British Airways: Crazy-like-a-fox patriotism in advertising

July 13, 2012

This television advertisement is circulating among airline and travel folk:

Why would British Airways make an ad that encourages Britons to stay at home during the Olympics?

Join the conversation and see the plane on your own street at #HomeAdvantage

This summer, the greatest sports event on Earth comes to London. And our best sportsmen and women have a once in a lifetime opportunity, to compete at the highest level with the whole country behind them. That’s why we’re asking the nation to join together, to give our athletes the greatest home advantage we can give them. It could be the difference in seconds and millimetres, turning silver into gold. This summer, there’s nowhere else in the world to be.

Even more analysis:

Millard Fillmore traveled to London after his presidency.  One story claims that, upon meeting Fillmore, Queen Victoria proclaimed him “the handsomest man” she had ever met.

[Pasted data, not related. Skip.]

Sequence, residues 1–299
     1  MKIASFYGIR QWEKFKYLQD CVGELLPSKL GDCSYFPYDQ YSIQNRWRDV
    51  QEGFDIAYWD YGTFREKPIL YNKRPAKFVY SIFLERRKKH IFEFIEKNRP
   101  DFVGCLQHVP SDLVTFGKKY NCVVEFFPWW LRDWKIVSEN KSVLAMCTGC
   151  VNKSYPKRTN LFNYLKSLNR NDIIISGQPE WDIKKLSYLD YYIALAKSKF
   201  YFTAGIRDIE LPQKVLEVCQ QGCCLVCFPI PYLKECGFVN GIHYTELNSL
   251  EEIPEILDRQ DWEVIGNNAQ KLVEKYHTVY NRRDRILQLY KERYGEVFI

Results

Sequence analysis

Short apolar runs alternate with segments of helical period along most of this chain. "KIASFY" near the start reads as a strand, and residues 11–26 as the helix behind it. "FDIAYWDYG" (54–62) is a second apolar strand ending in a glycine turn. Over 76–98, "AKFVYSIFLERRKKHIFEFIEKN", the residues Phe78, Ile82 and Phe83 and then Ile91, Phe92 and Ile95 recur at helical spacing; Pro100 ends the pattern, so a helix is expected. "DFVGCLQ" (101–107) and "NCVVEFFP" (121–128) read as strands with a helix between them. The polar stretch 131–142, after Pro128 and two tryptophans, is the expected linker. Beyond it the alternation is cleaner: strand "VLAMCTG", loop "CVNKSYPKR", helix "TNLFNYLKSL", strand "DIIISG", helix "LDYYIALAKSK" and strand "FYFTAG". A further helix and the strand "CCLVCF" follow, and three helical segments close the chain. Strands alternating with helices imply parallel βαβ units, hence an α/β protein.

After the death of his daughter Mary, Fillmore went abroad. While touring Europe in 1855, Fillmore was offered an honorary Doctor of Civil Law (D.C.L.) degree by the University of Oxford. Fillmore turned down the honor, explaining that he had neither the “literary nor scientific attainment” to justify the degree.[22] He is also quoted as having explained that he “lacked the benefit of a classical education” and could not, therefore, understand the Latin text of the diploma, adding that he believed “no man should accept a degree he cannot read.”[9]

Tip of the small, folding travel scrub brush to Gil Brassard, believe it or not.


Teacher sources: Battle of Hastings, 1066

January 24, 2008

World history teachers should note this site: Samurai Dave the Roving Ronin.

In a series of posts, the last of which appears to be December 11 (Wes’s birthday!), Samurai Dave posts the history of the Battle of Hastings, with videos of battle recreations, photos of recreation events, and commentary on the meaning of the battle in history.

I wager you’ll learn something. If nothing else, there are a lot of great photos for students to see what it was like (minus the blood and gore).

What happened in 1066, again?

November 14, 2007

If I ever run into a class of U.S. kids who know why 1066 is an important date, I shall be moved to smile. Hasn’t happened yet.

Here’s an interesting and almost-fun post on the Battle of Hastings, from Samurai Dave.

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